An absolutely gorgeous day...birds were singing...bees were buzzing and I swear you can hear the plants growing...Himself was putting up shelves and walking the dogs and lugging a sideboard into my shed and I did a bit of painting...
You know...I ought to have had a bigger shed but then I suppose I'd still manage to cram too much into one if it was twenty feet long...
When Himself and I were first together we moved into a tied bungalow which went with Himself's new job. We had a bed each for my children and a bed for ourselves and a small gateleg table. And that was the sum total of our household belongings. That little bungalow seemed vast when it was totally bereft of furniture.
But new neighbours began to call to welcome us and obviously aghast at our lack of furniture, would return half-an-hour later with a chair or a bedside table...a cardboard box full of plates, a couple of saucepans...someone gave us a settee and another handed over a small working television...before the first week was out we had a furnished home. Absolutely no money, but we had a place to sit and saucepans to cook in and all was right with our world.
Maybe it is a deep-seated fear that I have, that somehow all we have now will simply disappear and we'll be left with nothing, that makes me hang on like grim death to objects and possessions.
Tom, next door to the left of us, is cleaning out his cow sheds...where his cattle have been since the beginning of November last year...I don't need to describe the smell to you do I...thought not. The minute the tractor and it's bucket go inside the shed, the smell worsens as each layer of shite is turned over and disturbed...I swear you can actually taste the putrid odour...
And it's also fertiliser spreading time so there has been a steady procession of tractors, long past their best, dragging little whizzy machines behind them that spin round very fast to spread the grassland feed as it's called...that doesn't smell though. It must have been very busy here in our street years ago when everyone spread lime from the local kilns using donkeys and carts...a few of the fields around us were used for growing oats and barley, which is hard to believe now...those tend to be the same fields which are now waist high in reeds and fit for nothing at all.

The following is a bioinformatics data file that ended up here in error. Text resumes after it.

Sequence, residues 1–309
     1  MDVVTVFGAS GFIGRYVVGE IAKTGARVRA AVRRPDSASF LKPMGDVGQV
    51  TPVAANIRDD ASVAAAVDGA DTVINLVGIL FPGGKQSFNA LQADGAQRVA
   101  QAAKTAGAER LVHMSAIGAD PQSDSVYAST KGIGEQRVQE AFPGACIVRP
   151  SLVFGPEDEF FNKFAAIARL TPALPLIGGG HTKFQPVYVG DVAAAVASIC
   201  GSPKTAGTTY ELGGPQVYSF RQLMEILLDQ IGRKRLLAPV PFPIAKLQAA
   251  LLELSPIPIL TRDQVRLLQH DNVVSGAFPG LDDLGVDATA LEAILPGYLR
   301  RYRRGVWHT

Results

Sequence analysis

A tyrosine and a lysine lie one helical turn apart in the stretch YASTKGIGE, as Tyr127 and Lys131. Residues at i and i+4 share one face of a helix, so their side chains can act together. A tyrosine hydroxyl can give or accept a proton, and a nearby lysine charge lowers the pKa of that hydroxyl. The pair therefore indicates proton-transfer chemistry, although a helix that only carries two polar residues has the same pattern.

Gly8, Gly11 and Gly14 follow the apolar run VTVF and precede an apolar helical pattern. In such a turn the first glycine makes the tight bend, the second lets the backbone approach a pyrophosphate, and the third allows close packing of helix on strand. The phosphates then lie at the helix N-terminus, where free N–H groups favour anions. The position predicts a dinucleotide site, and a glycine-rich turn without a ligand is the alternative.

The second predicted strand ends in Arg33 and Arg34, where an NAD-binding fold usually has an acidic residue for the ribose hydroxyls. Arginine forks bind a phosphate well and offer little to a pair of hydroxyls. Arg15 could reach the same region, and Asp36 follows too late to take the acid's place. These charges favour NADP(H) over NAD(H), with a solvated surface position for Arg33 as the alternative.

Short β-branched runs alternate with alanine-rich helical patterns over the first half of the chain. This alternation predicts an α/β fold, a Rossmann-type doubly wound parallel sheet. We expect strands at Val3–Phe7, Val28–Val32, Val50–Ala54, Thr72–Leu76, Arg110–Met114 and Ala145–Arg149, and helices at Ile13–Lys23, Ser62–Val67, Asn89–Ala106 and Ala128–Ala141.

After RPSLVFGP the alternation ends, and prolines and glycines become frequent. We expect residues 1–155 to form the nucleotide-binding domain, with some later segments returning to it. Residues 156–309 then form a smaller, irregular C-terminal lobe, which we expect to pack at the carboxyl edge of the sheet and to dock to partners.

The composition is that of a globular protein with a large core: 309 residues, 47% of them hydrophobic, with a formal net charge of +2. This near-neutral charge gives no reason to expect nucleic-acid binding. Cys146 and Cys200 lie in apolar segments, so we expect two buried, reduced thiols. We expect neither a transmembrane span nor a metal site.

The lime wasn't used so much as a fertiliser...more as a sweetener for the soil which had been standing fallow during the winter months...it was plain old-fashioned well rotted muck from the farmyards which was used to enrich the soil.
Father had an old horse and a cart which he used for muck spreading...the horse walked up and down the field without being told to 'cos he knew what was expected of him...while Father stood on the heap of muck in the cart and threw forkfuls off...there must have been much more of a connection to the land and the seasons when work was slow and steady and not all rush to get it done with the latest equipment...
As it's Good Friday, and the tiny little bit of me which is still entrenched in Catholicism knows it's fish on Fridays and especially on Good Friday...we're having a fish supper from the chippy again...the second time within a month! There's living on the edge for you...